Having been travelling again since leaving the Sunshine Coast, Queensland in early May, we have seen some wonderful sights and fantastic birds.
Previously I have been trying to keep a chronological record when posting, but with lack of time and internet coverage, I will publish random highlights of our ongoing journey, at least until we settle somewhere for a while.
Meanwhile, here are some images of four of the six fairy-wren species found in Western Australia. Currently in Geraldton, we are are too far north for the Red-winged Fairy-wren, a WA endemic, and the Blue-breasted we have still to find.
This male Variegated was busy advertising his territory to all and sundry in Mirama National Park at Kununurra.
|Variegated Fairy-wren (race rogersi - Lavender-flanked form)|
The two birds below weren't anywhere near as co-operative, especially the male who was in full breeding plumage, quite vocal and loud for a fairy-wren. These shots were taken at Victoria River in the Northern Territory, although this species is also found in the Kimberley just over the border in WA.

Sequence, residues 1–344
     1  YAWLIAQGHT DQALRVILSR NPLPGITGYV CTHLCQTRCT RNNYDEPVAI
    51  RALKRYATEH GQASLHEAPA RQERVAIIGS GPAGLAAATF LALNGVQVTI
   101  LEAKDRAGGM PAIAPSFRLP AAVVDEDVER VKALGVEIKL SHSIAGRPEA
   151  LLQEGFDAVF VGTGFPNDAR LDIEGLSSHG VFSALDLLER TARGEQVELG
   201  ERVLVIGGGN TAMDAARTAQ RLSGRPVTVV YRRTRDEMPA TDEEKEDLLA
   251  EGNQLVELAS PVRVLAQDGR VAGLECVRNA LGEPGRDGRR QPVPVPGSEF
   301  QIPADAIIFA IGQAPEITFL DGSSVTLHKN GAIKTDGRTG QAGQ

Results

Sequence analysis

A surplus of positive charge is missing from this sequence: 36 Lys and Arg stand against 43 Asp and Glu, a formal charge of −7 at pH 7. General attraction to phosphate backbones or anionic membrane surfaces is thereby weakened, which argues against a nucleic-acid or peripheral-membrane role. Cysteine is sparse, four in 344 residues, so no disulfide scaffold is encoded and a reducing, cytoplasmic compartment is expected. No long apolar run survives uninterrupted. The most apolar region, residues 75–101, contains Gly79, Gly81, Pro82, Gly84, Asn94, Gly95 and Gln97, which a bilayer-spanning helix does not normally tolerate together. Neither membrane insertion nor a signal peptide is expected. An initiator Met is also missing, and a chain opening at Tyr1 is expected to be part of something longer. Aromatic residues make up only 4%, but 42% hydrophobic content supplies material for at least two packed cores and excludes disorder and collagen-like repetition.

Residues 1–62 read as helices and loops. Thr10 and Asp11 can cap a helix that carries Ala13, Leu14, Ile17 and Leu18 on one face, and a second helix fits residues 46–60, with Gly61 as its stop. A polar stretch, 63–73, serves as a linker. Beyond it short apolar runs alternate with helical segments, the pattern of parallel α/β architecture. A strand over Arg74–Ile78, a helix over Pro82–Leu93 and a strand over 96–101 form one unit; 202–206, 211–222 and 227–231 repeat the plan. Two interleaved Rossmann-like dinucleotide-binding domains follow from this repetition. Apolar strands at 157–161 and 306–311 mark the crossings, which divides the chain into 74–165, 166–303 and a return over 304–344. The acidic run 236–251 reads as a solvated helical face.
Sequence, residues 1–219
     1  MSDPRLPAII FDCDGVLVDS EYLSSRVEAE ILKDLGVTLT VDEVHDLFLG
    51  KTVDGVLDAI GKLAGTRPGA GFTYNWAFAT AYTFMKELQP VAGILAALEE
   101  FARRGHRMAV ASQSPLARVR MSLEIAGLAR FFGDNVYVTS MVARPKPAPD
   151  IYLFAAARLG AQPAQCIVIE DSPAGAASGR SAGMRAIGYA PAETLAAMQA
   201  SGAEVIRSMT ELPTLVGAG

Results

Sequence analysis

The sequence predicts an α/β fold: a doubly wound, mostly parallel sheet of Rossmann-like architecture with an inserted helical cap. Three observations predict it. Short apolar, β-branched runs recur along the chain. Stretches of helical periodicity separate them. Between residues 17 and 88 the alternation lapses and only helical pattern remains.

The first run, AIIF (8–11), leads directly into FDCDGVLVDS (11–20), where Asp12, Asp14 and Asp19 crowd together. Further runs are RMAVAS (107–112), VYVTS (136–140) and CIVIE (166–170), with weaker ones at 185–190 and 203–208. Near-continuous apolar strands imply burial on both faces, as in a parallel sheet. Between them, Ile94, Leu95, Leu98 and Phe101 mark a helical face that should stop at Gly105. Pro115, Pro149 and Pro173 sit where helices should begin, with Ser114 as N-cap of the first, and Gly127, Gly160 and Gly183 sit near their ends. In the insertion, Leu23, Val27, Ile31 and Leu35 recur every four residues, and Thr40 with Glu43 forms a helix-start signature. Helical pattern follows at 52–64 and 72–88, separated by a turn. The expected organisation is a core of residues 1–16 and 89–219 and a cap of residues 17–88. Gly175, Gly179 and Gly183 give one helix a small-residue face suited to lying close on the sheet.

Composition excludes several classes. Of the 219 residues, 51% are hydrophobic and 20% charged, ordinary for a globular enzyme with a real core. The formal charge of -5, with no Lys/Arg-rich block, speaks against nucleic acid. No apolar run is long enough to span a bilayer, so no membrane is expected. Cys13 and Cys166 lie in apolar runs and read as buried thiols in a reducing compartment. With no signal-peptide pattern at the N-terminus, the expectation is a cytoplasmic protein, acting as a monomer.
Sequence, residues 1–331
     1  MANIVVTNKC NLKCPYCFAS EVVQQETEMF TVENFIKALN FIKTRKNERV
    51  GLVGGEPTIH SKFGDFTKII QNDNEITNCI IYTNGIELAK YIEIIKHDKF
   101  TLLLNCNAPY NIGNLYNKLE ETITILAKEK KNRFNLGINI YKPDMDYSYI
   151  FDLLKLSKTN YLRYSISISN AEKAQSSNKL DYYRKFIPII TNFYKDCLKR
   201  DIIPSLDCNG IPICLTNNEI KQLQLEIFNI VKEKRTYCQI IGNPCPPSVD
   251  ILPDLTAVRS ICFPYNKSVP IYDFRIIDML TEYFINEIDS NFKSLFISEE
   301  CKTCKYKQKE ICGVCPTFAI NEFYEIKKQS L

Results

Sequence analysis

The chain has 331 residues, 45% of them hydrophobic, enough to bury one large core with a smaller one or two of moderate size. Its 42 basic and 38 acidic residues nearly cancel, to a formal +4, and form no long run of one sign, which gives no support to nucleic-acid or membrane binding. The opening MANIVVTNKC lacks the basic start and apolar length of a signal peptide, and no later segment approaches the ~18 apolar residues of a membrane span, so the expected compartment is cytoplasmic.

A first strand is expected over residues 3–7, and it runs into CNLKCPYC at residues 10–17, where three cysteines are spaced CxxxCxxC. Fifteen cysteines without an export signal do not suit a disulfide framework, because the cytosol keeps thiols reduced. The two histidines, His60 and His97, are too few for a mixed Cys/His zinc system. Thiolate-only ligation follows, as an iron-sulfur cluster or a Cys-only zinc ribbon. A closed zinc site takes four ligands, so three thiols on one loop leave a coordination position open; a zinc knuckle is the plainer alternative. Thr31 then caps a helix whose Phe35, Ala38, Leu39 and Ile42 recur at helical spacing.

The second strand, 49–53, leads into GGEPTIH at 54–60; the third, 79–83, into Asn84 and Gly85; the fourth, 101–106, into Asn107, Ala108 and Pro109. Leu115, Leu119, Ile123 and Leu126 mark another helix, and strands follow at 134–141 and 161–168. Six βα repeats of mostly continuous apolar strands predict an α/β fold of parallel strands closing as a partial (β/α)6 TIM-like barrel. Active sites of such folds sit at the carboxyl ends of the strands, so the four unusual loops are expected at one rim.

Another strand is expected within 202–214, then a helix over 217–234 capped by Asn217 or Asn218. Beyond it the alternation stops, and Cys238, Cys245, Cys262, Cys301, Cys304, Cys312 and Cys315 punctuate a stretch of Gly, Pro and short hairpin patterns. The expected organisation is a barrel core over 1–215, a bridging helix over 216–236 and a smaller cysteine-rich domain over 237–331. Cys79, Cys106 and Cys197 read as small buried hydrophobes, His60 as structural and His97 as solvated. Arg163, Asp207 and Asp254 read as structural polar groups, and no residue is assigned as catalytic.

|Purple-crowned Fairy-wren - female|
|Purple-crowned Fairy-wren - male|
I've included a much better image of this exquisite member of the Malurus family, courtesy of Ian Mongomery's fantastic website: http://birdway.com.au/index.htm
At Cape Range National Park we came across another form of the Variegated, one of four races across Australia.
|Variegated Fairy-wren (Purple-backed form - race assimilis)|
Also at Cape Range, the White-winged were showing well, with the male not far off being fully coloured up.
|White-winged Fairy-wren - male|
|White-winged Fairy-wren - female|
At Nerren Nerren rest area, along the North West Coastal Highway, we observed a small group of Splendids going about their daily activities right near our campsite. One male was very inquisitive and came in very close when responding to my squeaking. I only had a few seconds to capture this stunning little fella while he hopped out into the open, and I was stoked with the results.
In Kalbarri National Park, a family group of what I thought were Blue-breasted were frustratingly staying out of range in the thick scrub, until some squeaking brought a male out for a quick ID shot. It was a Variegated, this species being very similar to the former, their ranges overlapping in this limited area of WA.
Cheers and Happy Birding